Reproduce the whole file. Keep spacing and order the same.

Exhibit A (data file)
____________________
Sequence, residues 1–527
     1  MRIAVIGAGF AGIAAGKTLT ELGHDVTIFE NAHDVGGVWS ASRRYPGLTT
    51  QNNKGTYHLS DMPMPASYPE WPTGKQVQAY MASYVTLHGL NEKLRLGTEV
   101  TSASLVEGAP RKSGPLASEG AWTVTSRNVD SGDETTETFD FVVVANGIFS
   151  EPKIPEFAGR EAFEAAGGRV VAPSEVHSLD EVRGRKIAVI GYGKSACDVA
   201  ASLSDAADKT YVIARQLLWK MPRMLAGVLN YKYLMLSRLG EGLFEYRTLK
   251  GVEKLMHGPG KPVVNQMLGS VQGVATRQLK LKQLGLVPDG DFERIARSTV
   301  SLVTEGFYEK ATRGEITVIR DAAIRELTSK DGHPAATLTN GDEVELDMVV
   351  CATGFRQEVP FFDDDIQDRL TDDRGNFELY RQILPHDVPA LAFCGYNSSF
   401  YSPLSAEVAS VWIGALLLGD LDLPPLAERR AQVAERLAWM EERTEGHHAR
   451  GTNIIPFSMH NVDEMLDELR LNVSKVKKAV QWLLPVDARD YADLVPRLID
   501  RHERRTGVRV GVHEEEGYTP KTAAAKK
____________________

Sequence, residues 1–527
     1  MRIAVIGAGF AGIAAGKTLT ELGHDVTIFE NAHDVGGVWS ASRRYPGLTT
    51  QNNKGTYHLS DMPMPASYPE WPTGKQVQAY MASYVTLHGL NEKLRLGTEV
   101  TSASLVEGAP RKSGPLASEG AWTVTSRNVD SGDETTETFD FVVVANGIFS
   151  EPKIPEFAGR EAFEAAGGRV VAPSEVHSLD EVRGRKIAVI GYGKSACDVA
   201  ASLSDAADKT YVIARQLLWK MPRMLAGVLN YKYLMLSRLG EGLFEYRTLK
   251  GVEKLMHGPG KPVVNQMLGS VQGVATRQLK LKQLGLVPDG DFERIARSTV
   301  SLVTEGFYEK ATRGEITVIR DAAIRELTSK DGHPAATLTN GDEVELDMVV
   351  CATGFRQEVP FFDDDIQDRL TDDRGNFELY RQILPHDVPA LAFCGYNSSF
   401  YSPLSAEVAS VWIGALLLGD LDLPPLAERR AQVAERLAWM EERTEGHHAR
   451  GTNIIPFSMH NVDEMLDELR LNVSKVKKAV QWLLPVDARD YADLVPRLID
   501  RHERRTGVRV GVHEEEGYTP KTAAAKK